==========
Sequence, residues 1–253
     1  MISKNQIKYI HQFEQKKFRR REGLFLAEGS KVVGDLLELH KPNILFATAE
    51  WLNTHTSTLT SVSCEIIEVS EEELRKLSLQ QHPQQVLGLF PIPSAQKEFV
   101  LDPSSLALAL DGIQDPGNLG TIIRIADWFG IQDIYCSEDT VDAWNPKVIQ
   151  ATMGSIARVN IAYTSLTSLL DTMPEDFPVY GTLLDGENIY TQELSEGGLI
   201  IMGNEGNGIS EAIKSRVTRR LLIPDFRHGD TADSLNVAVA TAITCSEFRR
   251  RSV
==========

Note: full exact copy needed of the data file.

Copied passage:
Sequence, residues 1–253
     1  MISKNQIKYI HQFEQKKFRR REGLFLAEGS KVVGDLLELH KPNILFATAE
    51  WLNTHTSTLT SVSCEIIEVS EEELRKLSLQ QHPQQVLGLF PIPSAQKEFV
   101  LDPSSLALAL DGIQDPGNLG TIIRIADWFG IQDIYCSEDT VDAWNPKVIQ
   151  ATMGSIARVN IAYTSLTSLL DTMPEDFPVY GTLLDGENIY TQELSEGGLI
   201  IMGNEGNGIS EAIKSRVTRR LLIPDFRHGD TADSLNVAVA TAITCSEFRR
   251  RSV